stem, roots, and branches of higher plants, some are tiniest rolling spheres; some stretch away to the length of several feet, and some are microscopic specks. In Fig. 2 we have the representation of a beautiful marine alga, unicellular, and yet thirty inches or more in length.
As we ascend the scale of life we find the individual cell more subordinate to the organism as a whole, and so less complex in itself; and
yet, when we examine the cells which make up the tissues of the best plants we can find, the blooming occupants of our hot-houses, gardens, and fields, we meet with marvelous diversity, and are soon made to feel that variety of form is the law, uniformity the exception. Fig. 3 represents the appearance of a cross-section of a stem of Tradescantia. From this section we may learn not the variety of cell-forms only, but something of the manner in which every plant is developed, and something of the porousness of all cellular structure.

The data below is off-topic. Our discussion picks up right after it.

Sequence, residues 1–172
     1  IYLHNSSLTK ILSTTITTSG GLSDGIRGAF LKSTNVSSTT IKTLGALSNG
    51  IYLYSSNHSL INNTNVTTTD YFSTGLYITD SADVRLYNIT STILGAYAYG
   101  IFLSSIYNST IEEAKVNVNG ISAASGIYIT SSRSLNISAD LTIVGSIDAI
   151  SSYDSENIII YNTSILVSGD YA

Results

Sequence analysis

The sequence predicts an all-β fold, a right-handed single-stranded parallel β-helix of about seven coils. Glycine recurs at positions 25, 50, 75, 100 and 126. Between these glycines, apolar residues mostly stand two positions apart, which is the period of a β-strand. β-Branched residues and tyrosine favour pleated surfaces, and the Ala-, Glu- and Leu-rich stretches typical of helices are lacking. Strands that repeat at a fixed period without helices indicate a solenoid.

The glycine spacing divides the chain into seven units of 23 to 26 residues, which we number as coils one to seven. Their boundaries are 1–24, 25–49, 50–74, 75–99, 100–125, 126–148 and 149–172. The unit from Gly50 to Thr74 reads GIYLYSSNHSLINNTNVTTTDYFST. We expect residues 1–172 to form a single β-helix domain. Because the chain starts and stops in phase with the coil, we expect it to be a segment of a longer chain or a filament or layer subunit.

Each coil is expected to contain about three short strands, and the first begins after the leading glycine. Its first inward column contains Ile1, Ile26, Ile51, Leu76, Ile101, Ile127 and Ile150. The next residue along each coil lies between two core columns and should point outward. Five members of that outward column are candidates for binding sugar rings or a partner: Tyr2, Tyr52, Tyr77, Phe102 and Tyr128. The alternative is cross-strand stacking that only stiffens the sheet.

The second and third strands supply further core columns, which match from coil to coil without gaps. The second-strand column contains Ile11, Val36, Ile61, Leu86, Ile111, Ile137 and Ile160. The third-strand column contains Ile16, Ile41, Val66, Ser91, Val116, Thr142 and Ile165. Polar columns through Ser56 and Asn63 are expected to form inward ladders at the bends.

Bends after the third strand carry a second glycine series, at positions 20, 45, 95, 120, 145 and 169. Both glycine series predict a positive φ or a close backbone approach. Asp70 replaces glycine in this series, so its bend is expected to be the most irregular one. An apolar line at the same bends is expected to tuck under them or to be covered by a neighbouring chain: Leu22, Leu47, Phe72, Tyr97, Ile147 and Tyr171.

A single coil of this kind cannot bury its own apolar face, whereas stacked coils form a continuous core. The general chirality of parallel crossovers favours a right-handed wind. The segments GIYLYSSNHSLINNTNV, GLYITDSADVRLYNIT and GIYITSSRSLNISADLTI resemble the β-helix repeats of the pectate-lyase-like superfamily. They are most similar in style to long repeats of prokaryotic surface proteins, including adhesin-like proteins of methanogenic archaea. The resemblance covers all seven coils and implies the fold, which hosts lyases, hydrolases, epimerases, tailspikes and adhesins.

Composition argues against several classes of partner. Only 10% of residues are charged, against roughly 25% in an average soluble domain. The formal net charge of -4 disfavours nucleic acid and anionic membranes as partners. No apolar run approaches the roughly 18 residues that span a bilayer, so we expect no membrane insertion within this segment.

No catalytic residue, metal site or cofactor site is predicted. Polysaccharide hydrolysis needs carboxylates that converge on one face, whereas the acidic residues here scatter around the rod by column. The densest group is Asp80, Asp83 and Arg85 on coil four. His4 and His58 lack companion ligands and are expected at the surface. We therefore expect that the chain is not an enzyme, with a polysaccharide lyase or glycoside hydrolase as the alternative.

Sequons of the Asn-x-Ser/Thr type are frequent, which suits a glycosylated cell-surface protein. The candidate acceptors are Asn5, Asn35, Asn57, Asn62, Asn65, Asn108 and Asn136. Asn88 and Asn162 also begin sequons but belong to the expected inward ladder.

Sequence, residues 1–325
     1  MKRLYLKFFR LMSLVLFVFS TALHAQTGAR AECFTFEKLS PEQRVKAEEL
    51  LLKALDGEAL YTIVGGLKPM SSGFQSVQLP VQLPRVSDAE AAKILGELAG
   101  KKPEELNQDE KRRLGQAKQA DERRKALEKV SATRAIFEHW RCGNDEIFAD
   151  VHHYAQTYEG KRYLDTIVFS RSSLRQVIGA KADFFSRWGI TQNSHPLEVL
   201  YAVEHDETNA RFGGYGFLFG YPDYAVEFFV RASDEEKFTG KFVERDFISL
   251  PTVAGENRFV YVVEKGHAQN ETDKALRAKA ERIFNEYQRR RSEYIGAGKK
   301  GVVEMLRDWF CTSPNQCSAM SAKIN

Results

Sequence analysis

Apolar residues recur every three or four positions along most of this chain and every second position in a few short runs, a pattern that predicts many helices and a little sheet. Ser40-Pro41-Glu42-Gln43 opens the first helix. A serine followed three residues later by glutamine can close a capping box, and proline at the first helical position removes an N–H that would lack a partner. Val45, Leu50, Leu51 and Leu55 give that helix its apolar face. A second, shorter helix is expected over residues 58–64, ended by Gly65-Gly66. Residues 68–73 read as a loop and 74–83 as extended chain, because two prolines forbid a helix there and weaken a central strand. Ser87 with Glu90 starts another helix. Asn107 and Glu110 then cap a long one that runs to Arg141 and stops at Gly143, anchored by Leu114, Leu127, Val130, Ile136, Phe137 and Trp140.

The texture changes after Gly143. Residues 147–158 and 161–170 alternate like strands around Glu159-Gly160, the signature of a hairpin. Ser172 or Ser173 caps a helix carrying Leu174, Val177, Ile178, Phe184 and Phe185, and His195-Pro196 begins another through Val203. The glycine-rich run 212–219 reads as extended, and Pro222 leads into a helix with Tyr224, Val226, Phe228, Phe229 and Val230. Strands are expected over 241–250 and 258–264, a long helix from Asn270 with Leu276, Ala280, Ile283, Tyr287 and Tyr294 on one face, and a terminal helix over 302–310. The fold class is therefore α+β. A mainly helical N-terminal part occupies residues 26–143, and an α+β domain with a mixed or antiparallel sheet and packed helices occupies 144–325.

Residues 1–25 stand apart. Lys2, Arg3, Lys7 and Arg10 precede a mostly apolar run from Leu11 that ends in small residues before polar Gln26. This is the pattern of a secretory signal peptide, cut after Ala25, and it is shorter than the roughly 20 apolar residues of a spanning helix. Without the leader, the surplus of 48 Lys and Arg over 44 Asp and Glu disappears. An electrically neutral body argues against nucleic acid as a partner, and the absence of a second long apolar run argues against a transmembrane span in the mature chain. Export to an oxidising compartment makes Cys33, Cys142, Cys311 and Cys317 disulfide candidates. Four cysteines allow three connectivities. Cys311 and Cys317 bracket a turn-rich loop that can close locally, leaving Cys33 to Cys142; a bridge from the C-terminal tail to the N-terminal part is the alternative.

But let us tear off with our forceps a little shred of the epidermis of some leaf. The leaf from a petunia will do; that of the wild Jacob's ladder is better, and that of the wake-robin better still. Let